June 2020. The U.S. Department of Health and Human Services (HHS), through the Health Resources and Services Administration (HRSA), awarded $20.3 million to 44 recipients to increase the number of fellows at accredited addiction medicine and addiction psychiatry fellowship programs. The awardees will train addiction specialists at facilities in high need communities that integrate behavioral and primary care services. “The need for physicians with the expertise and skills to provide substance use prevention, treatment and recovery services is essential,” said HRSA Administrator Tom Engels. “Addiction specialists can respond to patients’ specific behavioral health needs and help communities that are hit hardest by the opioid epidemic.” [Read more] Links to Addiction Psychiatry Addiction...

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FDA Approves First Device for Treatment of ADHD

The Food and Drug Administration (FDA) announced that it is permitting the marketing of the first medical device for the treatment of attention-deficit/hyperactivity disorder (ADHD). The device is the Trigeminal Nerve Stimulation (eTNS) System by Monarch. It will be available by prescription only and is indicated for children aged 7 to 12 years who are not taking ADHD medications. The Monarch eTNS System delivers low-level electrical pulses to a child’s trigeminal nerve via wires and a small patch adhered to the child’s forehead while the child sleeps. The exact mechanism of eTNS is not yet known, but neuroimaging studies have shown that the trigeminal nerve connects to brain regions that are important in regulating attention, emotion, and behavior. The efficacy of the Monarch system was shown in a recently published clinical trial of 62 children with ADHD. The participants randomly received either eTNS or sham nerve stimulation nightly for four weeks. At the study’s completion, the children using the eTNS device had a statistically significant improvement in their ADHD symptoms compared with the sham group, as measured with the clinician-administered ADHD Rating Scale. The device was well tolerated; the most common side effects observed with eTNS were drowsiness, increased appetite, trouble sleeping, teeth clenching, headache, and fatigue. Source: Psychiatric News (APA)...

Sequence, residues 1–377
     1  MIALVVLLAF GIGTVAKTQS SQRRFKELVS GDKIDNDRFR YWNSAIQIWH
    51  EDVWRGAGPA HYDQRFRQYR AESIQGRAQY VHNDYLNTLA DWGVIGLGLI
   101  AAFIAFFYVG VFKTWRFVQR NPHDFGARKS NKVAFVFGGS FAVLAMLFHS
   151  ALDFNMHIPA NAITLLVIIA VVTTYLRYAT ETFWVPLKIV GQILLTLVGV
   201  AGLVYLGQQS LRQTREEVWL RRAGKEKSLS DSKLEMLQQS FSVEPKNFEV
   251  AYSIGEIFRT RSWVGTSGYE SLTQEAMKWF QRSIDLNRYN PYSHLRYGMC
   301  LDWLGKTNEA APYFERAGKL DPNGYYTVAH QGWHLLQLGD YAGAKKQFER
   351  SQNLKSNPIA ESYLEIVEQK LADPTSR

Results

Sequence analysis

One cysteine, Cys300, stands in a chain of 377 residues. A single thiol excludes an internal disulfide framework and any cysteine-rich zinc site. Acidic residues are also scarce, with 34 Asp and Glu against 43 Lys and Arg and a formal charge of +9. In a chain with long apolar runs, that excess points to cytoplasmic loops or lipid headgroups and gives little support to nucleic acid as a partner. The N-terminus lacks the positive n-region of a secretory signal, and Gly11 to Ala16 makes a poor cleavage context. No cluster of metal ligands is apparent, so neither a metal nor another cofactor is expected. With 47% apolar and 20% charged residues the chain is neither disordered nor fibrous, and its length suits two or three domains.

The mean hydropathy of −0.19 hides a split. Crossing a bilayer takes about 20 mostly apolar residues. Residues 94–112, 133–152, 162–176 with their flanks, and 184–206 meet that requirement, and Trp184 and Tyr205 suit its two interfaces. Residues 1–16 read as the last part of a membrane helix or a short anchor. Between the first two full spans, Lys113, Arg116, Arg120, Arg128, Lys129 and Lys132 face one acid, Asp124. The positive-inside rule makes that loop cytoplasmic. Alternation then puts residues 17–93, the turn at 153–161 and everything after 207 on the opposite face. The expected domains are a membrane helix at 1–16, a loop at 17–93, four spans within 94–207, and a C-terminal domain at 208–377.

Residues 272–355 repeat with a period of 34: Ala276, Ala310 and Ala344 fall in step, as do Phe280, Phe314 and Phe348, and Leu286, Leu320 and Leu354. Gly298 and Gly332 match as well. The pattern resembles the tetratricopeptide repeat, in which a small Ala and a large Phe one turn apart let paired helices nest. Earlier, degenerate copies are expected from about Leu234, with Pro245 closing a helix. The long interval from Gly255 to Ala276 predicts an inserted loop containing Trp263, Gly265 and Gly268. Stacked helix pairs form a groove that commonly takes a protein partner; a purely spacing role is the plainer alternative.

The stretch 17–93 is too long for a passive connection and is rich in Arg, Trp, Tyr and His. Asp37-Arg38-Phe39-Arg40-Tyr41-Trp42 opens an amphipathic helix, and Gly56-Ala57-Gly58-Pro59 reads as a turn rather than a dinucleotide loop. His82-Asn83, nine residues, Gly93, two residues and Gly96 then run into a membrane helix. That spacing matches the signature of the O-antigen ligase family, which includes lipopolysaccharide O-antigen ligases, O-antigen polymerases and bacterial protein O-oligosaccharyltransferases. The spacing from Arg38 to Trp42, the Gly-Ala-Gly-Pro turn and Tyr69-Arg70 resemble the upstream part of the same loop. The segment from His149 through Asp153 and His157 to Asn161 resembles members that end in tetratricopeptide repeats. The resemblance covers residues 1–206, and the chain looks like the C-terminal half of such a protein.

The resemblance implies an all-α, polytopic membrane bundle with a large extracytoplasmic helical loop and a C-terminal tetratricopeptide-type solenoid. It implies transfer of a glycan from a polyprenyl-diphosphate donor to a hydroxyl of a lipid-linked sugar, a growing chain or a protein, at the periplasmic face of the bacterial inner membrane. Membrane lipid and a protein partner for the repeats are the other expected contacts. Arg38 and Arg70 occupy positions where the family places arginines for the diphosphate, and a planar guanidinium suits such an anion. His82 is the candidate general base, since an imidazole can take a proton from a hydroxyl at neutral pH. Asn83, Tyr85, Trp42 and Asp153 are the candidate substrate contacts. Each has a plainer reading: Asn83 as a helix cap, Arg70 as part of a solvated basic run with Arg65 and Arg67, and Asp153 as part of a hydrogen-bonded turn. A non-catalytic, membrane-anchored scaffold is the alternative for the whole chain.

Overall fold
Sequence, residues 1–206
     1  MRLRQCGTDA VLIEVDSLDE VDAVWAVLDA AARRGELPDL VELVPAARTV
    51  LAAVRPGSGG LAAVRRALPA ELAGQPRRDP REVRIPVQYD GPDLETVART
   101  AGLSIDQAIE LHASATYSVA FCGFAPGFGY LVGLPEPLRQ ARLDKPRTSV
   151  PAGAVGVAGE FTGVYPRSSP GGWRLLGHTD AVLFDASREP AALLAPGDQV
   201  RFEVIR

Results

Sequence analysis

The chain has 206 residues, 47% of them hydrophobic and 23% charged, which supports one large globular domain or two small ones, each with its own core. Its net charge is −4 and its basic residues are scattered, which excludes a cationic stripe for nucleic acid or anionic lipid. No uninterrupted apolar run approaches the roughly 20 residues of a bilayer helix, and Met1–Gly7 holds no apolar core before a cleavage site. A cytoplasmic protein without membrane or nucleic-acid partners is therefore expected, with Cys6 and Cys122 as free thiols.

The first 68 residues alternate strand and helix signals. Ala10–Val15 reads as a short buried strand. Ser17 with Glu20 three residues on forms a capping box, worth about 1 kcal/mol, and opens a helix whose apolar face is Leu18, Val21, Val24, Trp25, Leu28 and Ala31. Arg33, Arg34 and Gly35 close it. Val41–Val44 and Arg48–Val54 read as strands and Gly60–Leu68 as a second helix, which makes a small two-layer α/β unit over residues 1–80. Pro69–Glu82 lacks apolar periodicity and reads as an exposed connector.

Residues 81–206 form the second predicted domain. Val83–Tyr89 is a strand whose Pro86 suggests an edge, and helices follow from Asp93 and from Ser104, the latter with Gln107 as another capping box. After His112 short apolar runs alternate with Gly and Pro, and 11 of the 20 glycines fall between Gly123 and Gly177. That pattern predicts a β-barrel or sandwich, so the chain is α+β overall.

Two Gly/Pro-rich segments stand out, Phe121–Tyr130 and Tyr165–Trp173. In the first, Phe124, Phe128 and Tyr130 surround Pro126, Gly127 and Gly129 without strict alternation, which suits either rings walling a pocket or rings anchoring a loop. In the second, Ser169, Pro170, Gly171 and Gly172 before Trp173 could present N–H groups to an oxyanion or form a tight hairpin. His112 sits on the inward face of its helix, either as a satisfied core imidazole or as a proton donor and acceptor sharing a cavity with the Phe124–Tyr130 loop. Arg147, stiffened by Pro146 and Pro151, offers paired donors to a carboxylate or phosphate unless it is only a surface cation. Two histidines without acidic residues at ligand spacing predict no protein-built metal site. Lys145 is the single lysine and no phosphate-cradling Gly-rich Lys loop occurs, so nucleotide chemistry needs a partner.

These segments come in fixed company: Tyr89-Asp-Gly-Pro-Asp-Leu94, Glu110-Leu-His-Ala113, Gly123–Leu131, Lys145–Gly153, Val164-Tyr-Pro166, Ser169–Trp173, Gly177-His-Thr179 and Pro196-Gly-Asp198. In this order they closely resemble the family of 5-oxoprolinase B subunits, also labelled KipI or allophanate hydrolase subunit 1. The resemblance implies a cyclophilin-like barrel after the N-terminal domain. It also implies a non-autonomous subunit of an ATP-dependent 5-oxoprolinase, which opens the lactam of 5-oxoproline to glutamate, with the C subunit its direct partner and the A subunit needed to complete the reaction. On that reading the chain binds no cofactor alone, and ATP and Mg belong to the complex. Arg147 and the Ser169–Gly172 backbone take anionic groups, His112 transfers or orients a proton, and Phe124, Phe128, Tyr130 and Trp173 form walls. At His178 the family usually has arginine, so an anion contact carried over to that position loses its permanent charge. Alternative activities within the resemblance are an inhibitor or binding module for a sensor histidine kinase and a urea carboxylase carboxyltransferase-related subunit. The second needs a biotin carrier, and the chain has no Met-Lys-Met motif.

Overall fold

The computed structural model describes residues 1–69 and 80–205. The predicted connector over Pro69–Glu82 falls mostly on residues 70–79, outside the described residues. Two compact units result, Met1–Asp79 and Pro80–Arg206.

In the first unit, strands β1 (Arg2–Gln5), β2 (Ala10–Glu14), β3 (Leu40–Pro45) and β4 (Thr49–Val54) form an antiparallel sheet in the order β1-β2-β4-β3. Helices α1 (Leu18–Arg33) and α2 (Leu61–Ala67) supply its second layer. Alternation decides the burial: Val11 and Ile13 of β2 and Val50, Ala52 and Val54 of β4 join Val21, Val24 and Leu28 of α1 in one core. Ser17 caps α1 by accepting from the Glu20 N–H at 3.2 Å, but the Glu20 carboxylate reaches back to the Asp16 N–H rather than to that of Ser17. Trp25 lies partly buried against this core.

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The World Health Organization adds gaming addiction as a new mental health disorder

As of today, gaming disorder will appear in a new draft of the World Health Organization’s International Classification of Diseases, the highly regarded compendium of medical conditions. According to the New York Times, “Concerns about the influence of video games are dovetailing with increasing scrutiny over the harmful aspects of technology, as consumers look for ways to scale back consumption of social media and online entertainment. The W.H.O. designation may help legitimize worries about video game fans who neglect other parts of their lives. It could also make gamers more willing to seek treatment, encourage more therapists to provide it and increase the chances that insurance companies would cover it.” Sources: NY Times WHO...